25th February 1884
Reference Numbert18840225-342
VerdictNot Guilty > unknown

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342. KATE MARSHALL (22) , Feloniously casting and throwing a certain newborn male child into a dust heap, with intent to murder it.


THOMAS MARSHALL . I am brother to the prisoner's husband—I live at 4, Haydon Square—I believe the prisoner lived at 154, Old Montague Street with her mother—on 16th January, in consequence of a statement made to me, I looked in a dust hole there and saw a newborn baby,

naked, covered over with ashes and cinders—I took it out by the hand and gave it to Ellen Noble, who took it to the Union.

ELLEN NOBLE . I live at 49, Old Montague street—on 16th January, between 2 and 3 in the afternoon, the prisoner came to my door and said "There is a baby in the dust hole"—I ran over, went through the passage into the yard of 149, and saw Marshall take the baby out of the dusthole; I took a shawl from the prisoner, wrapped the child in it, and took it to the Union—the prisoner looked sober to me.

EMMA ELIZABETH PERRY . I am matron of the infirmary of the Whitechaple Union, I received the child from Noble, it was in a very cold, exhausted condition, and covered with dust and ashes—I removed three cinders from its mouth—I put it into a bath—while it was there it vomited a black gritty vomit—I saw the doctor remove some cinders from its month—on the 26th I saw the prisoner, and she asked how the child Was—I said "It is doing very well, why did you will use so beautiful a baby?"—she said she was very much intoxicated, she had been drinking, heavily for some days; that she was taken ill and while passing through the yard the child was born and fell on the stones, that she thought it was dead, she waited by it a short time and then laid it on the ashpit.

JAMES JOHN ILOTT . I am medical officer of the Whitechapel Infirmary—on 16th January, about 3 p.m., I saw the child there, it was covered with cinders, dust, and ashes, and was cold and exhausted—I had it put into a warm bath, and while there we took some cinders out of its mouth, about six pieces altogether; one larger than the others was at the back of the tongue; it was as large as a small bead—there were two excoriations, one at the back of the head and one on the back—those might have been done by the child falling on the stones—I do not think' that a child recently born could have taken in its mouth the cinders I found, I think they must have been put there—the baby could not have been in the dust hole more than a few minutes; the cord was broken—I had the child attended to and it is now doing well—if it had remained in the dust heap it would have been dead in ten minutes—I saw the prisoner about half-past 6, and examined her—she had been lately confined—she was then intoxicated—if the child had opened its mouth the cinders' might have fallen in.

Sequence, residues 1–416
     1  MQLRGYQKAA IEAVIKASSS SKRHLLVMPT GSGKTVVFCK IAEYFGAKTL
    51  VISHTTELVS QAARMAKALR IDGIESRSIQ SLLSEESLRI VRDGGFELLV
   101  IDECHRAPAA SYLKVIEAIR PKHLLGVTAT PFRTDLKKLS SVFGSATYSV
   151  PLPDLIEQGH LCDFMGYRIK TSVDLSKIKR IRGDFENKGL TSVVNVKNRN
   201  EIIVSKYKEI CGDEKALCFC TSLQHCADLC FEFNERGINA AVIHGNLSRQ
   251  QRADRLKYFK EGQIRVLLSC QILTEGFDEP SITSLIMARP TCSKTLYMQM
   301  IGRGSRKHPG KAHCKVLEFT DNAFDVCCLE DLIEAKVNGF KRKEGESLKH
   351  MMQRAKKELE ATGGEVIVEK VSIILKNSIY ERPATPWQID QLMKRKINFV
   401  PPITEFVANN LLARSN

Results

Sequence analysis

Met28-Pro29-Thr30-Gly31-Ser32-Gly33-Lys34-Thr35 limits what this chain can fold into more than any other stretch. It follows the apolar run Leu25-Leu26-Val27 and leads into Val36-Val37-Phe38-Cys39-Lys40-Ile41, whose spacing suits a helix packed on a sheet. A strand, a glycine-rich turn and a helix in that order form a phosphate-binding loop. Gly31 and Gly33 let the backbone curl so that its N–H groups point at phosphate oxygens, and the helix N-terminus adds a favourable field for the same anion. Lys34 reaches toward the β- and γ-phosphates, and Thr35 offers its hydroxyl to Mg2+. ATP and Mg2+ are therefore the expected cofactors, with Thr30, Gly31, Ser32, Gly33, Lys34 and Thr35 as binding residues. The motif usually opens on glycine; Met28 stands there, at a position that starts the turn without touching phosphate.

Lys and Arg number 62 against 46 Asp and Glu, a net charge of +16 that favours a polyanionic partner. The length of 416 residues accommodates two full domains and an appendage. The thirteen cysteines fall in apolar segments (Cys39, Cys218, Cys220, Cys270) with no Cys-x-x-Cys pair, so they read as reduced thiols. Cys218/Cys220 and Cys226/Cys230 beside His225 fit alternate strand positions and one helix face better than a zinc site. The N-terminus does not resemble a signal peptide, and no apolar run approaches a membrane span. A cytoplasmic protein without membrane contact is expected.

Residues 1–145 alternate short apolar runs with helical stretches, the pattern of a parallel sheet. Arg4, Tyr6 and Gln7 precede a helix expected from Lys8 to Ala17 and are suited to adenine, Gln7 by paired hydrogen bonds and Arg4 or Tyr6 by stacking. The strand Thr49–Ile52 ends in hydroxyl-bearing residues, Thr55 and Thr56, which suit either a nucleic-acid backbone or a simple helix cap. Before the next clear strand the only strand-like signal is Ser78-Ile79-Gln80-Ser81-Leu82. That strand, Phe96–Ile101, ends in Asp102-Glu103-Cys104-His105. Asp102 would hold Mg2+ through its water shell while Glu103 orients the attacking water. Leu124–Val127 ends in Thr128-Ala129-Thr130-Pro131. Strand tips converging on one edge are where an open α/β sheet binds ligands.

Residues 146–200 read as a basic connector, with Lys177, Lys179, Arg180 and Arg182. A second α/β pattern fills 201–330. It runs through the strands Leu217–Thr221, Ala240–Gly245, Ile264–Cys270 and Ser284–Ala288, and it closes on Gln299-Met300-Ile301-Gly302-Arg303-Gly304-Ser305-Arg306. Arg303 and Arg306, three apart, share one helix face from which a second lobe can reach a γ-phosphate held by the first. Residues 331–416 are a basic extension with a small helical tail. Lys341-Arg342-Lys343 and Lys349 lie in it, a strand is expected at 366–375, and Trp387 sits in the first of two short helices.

JAMES BOYLE (Policeman H R 3). About 4 in the afternoon of the 16th, I saw the prisoner in Baker Row with two other women, about a quarter of a mile from Old Montague Street—I asked her where she lived, she said "In Whitechapel"—I said "Whitechapel is a large place, can't you tell me the name of the street?"—she said "If you want any information you must find out"—she was the worse for drink—I took her to the station; on the way she tried to get into several public-house—I took her to the Infirmary that she might be attended to.

JOHN HOLLAND (Police Inspector). The prisoner was brought to the station by Boyle—I had her placed in front of the fire—I told her she need not answer any questions I put to her unless she liked, if she did I should repeat it again—she said "Very well"—I said "Is it true that you have been delivered of a child to-day?"—she hesitated—her sister; Bridget Hill, who was with her, said "Why don't you tell the Inspector the truth?" and then Hill said "Yes, she has been delivered of a child," and the prisoner repeated after her, "Yes, I have"—I said "What did you do with it?"—she said "I placed it on the dustbin to go and get a

Bed gown for it"—I said "Do you know what has become of it now?"—she said "No, I don't?"—the sister then said "Tne fact of it is" governor, her husband has just returned from India, and she did not want him to know it"—the prisoner said "Yes, I did not want him to know it; give me a drop of brandy"—she was the worse for drink—Marshall followed the prisoner to the station, he was slightly the worse for drink, and so was Bridget Hill—the prisoner's husband came in with Marshall, and he was very much the worse for drink—I sent for a doctor and had the prisoner taken to the Infirmary—Bridget Hill was examined before the Magistrate in the prisoner's presence, she had the opportunity of asking her questions. (The deposition of Bridget hill was read.)

Prisoner's Defence. I am very sorry, I did not mean to do any harm to the child.


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